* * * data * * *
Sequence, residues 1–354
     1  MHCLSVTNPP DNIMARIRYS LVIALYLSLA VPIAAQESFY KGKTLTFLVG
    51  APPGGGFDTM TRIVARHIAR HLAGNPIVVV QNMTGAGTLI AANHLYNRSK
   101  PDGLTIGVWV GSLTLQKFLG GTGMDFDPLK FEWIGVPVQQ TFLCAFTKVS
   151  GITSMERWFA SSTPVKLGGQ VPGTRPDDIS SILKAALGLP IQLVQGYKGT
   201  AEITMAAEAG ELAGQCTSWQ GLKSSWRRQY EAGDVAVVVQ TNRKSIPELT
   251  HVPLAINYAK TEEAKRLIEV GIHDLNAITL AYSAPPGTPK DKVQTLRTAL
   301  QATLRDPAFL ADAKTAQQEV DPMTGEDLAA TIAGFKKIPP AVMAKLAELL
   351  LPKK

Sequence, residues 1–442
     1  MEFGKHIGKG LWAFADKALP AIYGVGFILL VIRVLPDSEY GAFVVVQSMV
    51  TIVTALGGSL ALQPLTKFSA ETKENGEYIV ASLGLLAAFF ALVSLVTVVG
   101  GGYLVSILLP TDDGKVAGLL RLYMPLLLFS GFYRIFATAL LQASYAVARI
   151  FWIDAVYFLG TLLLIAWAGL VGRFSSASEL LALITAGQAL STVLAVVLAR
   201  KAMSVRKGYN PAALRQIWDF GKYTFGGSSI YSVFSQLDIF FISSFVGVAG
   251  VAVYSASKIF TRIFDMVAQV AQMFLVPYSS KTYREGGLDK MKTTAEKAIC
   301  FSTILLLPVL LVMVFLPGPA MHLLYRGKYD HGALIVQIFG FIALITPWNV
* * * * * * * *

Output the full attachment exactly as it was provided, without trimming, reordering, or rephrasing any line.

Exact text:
Sequence, residues 1–354
     1  MHCLSVTNPP DNIMARIRYS LVIALYLSLA VPIAAQESFY KGKTLTFLVG
    51  APPGGGFDTM TRIVARHIAR HLAGNPIVVV QNMTGAGTLI AANHLYNRSK
   101  PDGLTIGVWV GSLTLQKFLG GTGMDFDPLK FEWIGVPVQQ TFLCAFTKVS
   151  GITSMERWFA SSTPVKLGGQ VPGTRPDDIS SILKAALGLP IQLVQGYKGT
   201  AEITMAAEAG ELAGQCTSWQ GLKSSWRRQY EAGDVAVVVQ TNRKSIPELT
   251  HVPLAINYAK TEEAKRLIEV GIHDLNAITL AYSAPPGTPK DKVQTLRTAL
   301  QATLRDPAFL ADAKTAQQEV DPMTGEDLAA TIAGFKKIPP AVMAKLAELL
   351  LPKK

Sequence, residues 1–442
     1  MEFGKHIGKG LWAFADKALP AIYGVGFILL VIRVLPDSEY GAFVVVQSMV
    51  TIVTALGGSL ALQPLTKFSA ETKENGEYIV ASLGLLAAFF ALVSLVTVVG
   101  GGYLVSILLP TDDGKVAGLL RLYMPLLLFS GFYRIFATAL LQASYAVARI
   151  FWIDAVYFLG TLLLIAWAGL VGRFSSASEL LALITAGQAL STVLAVVLAR
   201  KAMSVRKGYN PAALRQIWDF GKYTFGGSSI YSVFSQLDIF FISSFVGVAG
   251  VAVYSASKIF TRIFDMVAQV AQMFLVPYSS KTYREGGLDK MKTTAEKAIC
   301  FSTILLLPVL LVMVFLPGPA MHLLYRGKYD HGALIVQIFG FIALITPWNV